There are numerous tracks to race on in the tournament mode, but you must place in the top three to unlock newer ones. If you compete in a race without damaging your car, you will be awarded a safe driving record bonus. If you damage your car, you will get stuck with the repair bill at the end of the race. You will find that this is especially more important as you drive the more expensive cars that cost a lot of money to fix. The real car damage is fairly realistic, and can make your car lose some power and handling performance if it is damaged. If you take a really bad spill that sends your car spinning through the air, youll often find that your cars frame will get damaged enough to cause sparks to fly when you round a corner, as parts of the body that get mangled will scrape the pavement.
One thing I found that was not realistic was the fact that you could totally thrash a car in a manner that would undoubtedly total it and make it undrivable in real life, but the BMW Z3 Roadster which I put through a punishment test kept on driving with only minor performance losses and dents. The repair bill was quite a bit higher than if I had just scraped a few cars on the course, but was much less than if I had actually crashed it as I did. While this game is much more realistic than others, it still is not totally realistic. I am sure that a race car driver would not try this in real life anyway, but I just wanted to try to see what would happen if you put one of the cars through a torture test such as this. This should not prevent you from buying this game, because it in no way detracts from the quality of the rest of it. There were only a few minor things that I did not like about this game, which I will discuss later.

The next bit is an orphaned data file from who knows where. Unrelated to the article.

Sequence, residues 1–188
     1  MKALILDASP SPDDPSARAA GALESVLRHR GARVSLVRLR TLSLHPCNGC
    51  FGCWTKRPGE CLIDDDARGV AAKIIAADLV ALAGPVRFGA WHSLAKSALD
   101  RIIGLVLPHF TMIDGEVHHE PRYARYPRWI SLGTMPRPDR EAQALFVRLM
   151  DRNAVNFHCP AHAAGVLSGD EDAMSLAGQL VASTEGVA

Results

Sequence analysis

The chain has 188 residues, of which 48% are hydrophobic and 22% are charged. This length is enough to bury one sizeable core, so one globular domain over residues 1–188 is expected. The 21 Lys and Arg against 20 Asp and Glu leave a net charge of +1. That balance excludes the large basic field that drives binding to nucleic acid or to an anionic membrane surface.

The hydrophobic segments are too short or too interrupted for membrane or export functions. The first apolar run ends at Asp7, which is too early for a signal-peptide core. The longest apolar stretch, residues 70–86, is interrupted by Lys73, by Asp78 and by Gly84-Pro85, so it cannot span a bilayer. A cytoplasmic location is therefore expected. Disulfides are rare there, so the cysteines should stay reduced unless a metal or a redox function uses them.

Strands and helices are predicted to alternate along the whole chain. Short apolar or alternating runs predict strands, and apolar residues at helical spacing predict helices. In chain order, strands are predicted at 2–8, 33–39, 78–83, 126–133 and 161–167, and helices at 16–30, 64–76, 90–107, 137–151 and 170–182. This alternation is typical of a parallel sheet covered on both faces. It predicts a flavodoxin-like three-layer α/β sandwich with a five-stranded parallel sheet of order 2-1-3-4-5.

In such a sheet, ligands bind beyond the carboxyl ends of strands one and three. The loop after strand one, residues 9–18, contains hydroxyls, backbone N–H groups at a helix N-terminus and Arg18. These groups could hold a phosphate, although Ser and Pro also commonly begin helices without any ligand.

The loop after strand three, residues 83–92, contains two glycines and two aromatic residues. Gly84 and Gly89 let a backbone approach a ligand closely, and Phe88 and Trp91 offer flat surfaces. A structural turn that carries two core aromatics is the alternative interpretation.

As far as the actual racing goes, this game has excellent car handling feel and realism that is further enhanced with the PlayStations vibration function, simulating the feel of driving and crashing. It will vibrate as you take sharp corners, the wheels lose traction, and when your car runs into another car or hits an obstacle. I feel that the cars react very realistically when you take a sharp corner and the car starts to skid. You can turn the car harder which will increase the skidding, or even put on the emergency brake which will cause the car to spin out.